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N2 - Sorption heat storage has the potential to store large amounts of thermal energy from renewables and other distributed energy sources. This article provides an overview on the recent advancements on long-term sorption heat storage at material- and prototype- scales. The focus is on applications requiring heat within a temperature range of 30–150 °C such as space heating, domestic hot water production, and some industrial processes.At material level, emphasis is put on solid/gas reactions with water as sorbate. In particular, salt hydrates, adsorbents, and recent advancements on composite materials are reviewed. Most of the investigated salt hydrates comply with requirements such as safety and availability at low cost. However, hydrothermal stability issues such as deliquescence and decomposition at certain operating conditions make their utilization in a pure form challenging. Adsorbents are more hydrothermally stable but have lower energy densities and higher prices. Composite materials are investigated to reduce hydrothermal instabilities while achieving acceptable energy densities and material costs.At prototype-scale, the article provides an updated review on system prototypes based on the reviewed materials. Both open and closed system layouts are addressed, together with the main design issues such as heat and mass transfer in the reactors and materials corrosion resistance. Especially for open systems, the focus is on pure adsorbents rather than salt hydrates as active materials due to their better stability. However, high material costs and desorption temperatures, coupled with lower energy densities at typical system operating conditions, decrease their commercial attractiveness. Among the main conclusions, the implementation within the scientific community of common key performance indicators is suggested together with the inclusion of economic aspects already at material-scale investigations.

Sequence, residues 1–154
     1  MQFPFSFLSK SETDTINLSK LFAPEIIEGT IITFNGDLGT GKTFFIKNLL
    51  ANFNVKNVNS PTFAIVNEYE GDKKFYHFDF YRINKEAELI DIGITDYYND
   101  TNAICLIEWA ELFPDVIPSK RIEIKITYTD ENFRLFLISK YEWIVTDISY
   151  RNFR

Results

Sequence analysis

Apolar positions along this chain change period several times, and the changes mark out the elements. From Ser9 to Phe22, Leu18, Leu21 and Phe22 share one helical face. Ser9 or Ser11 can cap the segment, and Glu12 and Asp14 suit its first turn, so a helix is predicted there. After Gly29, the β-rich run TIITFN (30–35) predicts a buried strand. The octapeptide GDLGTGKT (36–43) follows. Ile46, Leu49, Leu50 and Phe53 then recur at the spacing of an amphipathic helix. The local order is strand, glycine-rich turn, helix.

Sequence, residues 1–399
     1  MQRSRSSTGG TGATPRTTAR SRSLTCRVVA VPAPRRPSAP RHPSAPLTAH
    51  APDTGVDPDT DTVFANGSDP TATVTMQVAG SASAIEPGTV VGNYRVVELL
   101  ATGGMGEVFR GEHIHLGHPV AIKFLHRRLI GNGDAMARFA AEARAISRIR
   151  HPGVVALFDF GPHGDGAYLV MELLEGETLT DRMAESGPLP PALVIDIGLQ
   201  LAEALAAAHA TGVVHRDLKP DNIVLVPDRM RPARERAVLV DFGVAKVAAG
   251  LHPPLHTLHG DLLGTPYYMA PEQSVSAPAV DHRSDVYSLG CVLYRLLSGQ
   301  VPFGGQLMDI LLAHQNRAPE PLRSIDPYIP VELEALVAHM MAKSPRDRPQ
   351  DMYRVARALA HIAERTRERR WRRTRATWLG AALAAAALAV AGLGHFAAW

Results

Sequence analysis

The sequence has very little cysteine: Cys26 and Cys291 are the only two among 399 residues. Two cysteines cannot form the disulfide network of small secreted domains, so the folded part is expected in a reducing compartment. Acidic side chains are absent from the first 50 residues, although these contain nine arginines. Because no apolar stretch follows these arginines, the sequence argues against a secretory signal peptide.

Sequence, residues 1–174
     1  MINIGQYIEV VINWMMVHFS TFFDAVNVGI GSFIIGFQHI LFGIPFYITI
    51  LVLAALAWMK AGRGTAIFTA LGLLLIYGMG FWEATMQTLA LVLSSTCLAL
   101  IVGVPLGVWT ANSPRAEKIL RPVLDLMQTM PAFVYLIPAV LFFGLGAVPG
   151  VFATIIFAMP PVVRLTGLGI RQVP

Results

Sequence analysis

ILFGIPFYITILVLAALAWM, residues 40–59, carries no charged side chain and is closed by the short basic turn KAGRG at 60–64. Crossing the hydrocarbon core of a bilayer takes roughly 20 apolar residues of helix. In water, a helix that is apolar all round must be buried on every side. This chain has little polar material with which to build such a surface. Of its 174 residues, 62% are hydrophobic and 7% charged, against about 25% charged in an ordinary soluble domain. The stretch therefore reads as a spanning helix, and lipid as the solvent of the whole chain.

AB - Sorption heat storage has the potential to store large amounts of thermal energy from renewables and other distributed energy sources. This article provides an overview on the recent advancements on long-term sorption heat storage at material- and prototype- scales. The focus is on applications requiring heat within a temperature range of 30–150 °C such as space heating, domestic hot water production, and some industrial processes.At material level, emphasis is put on solid/gas reactions with water as sorbate. In particular, salt hydrates, adsorbents, and recent advancements on composite materials are reviewed. Most of the investigated salt hydrates comply with requirements such as safety and availability at low cost. However, hydrothermal stability issues such as deliquescence and decomposition at certain operating conditions make their utilization in a pure form challenging. Adsorbents are more hydrothermally stable but have lower energy densities and higher prices. Composite materials are investigated to reduce hydrothermal instabilities while achieving acceptable energy densities and material costs.At prototype-scale, the article provides an updated review on system prototypes based on the reviewed materials. Both open and closed system layouts are addressed, together with the main design issues such as heat and mass transfer in the reactors and materials corrosion resistance. Especially for open systems, the focus is on pure adsorbents rather than salt hydrates as active materials due to their better stability. However, high material costs and desorption temperatures, coupled with lower energy densities at typical system operating conditions, decrease their commercial attractiveness. Among the main conclusions, the implementation within the scientific community of common key performance indicators is suggested together with the inclusion of economic aspects already at material-scale investigations.

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KW - Review

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KW - Solid sorption

KW - Energy efficiency

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JO - Applied Energy

T2 - Applied Energy

JF - Applied Energy

SN - 0306-2619